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Sunday, September 25, 2022

Capital police officer accused of obstructing justice in January 6 case

WASHINGTON – A US Capitol police officer was arrested Friday for allegedly asking a man who entered the Capitol illegally during the January 6 riots to remove evidence of that day’s actions from his social media accounts. Justice obstructed.

Michael A. Riley, 50, a member of the agency’s K-9 unit that has been in force for more than 25 years, is the first officer charged with a crime in connection with the January 6 attack on the Capitol, when several of his accomplices lied of widespread election fraud. Officers were beaten, bled and wounded by a pro-Trump mob inspired by Trump.

He was put up for hearing on October 26.

According to an indictment by a federal grand jury in Washington, on January 7, Officer Riley contacted an acquaintance who had posted photos on Facebook of himself inside the Capitol during the attack to encourage him to remove the evidence. that he was in the building. . Officer Riley did not know the man personally, the indictment said, but had recently become acquainted with him through an online group for fishing enthusiasts.

According to the indictment, the officer wrote to the man, “I am a Capitol Police officer who agrees with your political stance.” “Part about being in the building they’re currently investigating and everyone living in the building is being charged. Just watching!”

Officer Riley and the man then exchanged dozens of messages.

“I’m glad you got out there spotless,” Officer Riley wrote at one point. “We had hurt over 50 officers, some very bad.”

Officer Riley responded to reports of an explosive device near the Capitol on January 6, but not guarding the building, when a crowd obstructed the official counting of congressional electoral votes to confirm President Biden’s victory. .

On January 20, the unidentified man turned himself in to police and told them he had been speaking with Officer Riley, then warned the officer that federal law enforcement officers knew they were communicating.

According to the indictment, the man wrote to Officer Riley, “The FBI was very curious that I was talking to you if they hadn’t already asked you about what they were going to do.” “They took my phone and downloaded everything.”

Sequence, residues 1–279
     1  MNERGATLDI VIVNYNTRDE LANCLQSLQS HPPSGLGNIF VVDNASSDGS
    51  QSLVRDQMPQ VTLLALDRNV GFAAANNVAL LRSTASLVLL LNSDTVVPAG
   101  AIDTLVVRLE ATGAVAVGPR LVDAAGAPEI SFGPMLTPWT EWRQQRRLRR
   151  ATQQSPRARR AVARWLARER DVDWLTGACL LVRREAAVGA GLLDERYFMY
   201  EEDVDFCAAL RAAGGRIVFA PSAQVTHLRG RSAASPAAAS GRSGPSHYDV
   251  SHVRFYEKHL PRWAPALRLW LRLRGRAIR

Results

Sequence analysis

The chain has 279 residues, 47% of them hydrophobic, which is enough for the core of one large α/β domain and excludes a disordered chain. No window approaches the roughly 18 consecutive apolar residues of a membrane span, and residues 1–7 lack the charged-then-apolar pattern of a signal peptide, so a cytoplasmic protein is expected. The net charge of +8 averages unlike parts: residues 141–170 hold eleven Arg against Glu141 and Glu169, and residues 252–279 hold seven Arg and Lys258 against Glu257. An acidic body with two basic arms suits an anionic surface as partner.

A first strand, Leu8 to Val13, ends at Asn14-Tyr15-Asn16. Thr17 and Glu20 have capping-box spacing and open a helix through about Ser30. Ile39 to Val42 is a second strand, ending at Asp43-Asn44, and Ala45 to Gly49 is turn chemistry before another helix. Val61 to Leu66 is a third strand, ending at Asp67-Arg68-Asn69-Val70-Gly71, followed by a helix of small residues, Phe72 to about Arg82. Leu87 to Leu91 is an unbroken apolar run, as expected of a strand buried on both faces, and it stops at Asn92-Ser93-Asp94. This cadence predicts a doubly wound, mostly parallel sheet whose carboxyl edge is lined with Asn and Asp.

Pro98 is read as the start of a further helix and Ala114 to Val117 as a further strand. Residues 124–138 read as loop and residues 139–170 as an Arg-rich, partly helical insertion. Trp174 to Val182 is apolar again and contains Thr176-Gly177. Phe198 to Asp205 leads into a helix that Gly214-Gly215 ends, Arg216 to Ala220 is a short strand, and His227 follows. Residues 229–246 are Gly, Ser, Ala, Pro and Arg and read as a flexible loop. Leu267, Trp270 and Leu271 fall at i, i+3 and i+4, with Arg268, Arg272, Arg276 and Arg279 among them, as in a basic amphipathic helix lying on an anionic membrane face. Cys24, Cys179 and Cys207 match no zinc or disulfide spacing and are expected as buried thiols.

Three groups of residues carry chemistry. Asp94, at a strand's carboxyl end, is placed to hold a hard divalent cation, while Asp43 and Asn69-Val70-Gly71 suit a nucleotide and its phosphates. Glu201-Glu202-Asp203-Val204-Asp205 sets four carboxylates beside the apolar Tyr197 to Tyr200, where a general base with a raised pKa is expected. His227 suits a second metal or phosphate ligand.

After receiving that message, Officer Riley deleted all of his Facebook messages with the man, and the next day, according to the indictment, sent him one final Facebook message.

“Another mutual friend was talking about you last night. I tried to defend you, but then he showed me a video of me smoking in the Capitol and acting like a fool,” he wrote. Have to say, I was shocked and stunned, because now your story of being pushed into a building without a choice not only seems false, but outright untrue. I feel like a fool for believing you. “

Officer Riley was charged with two counts of obstruction of justice, each carrying a maximum fine of 20 years in person.

In a statement, Capital Police Chief J. Thomas Manger called the allegations “very serious” and said the Department’s Office of Professional Responsibility would conduct an administrative investigation into the officer’s conduct.

“The department was informed of this investigation several weeks ago,” he said in a statement. “Upon his arrest, the officer was placed on administrative leave till the completion of the case.”

The charges against Officer Riley come after an internal Capitol Police investigation recommended six other officers to be disciplined based on their actions during the riot. Capitol Police said in a statement that three officers were selected for indecent conduct, one officer for failure to comply with instructions, one officer for inappropriate remarks and one officer for improper dissemination of information.

None of those officers were named or charged with the crime.

Even as most of the police force grapples with the trauma of the attack, videos circulated widely on social media show some officers treating the rioters sympathetically or doing nothing to stop them from entering the premises. are.

Capitol Police Officer Brian D. Siknik died of a stroke in hospital after stopping a crowd, and at least 73 officers were injured that day after being attacked with flagpoles, fire extinguishers and hockey sticks, with injuries ranging from concussions and injuries. burns.

Two officers who clashed with the crowd later took their own lives.

World Nation News Desk
World Nation News Deskhttps://worldnationnews.com/
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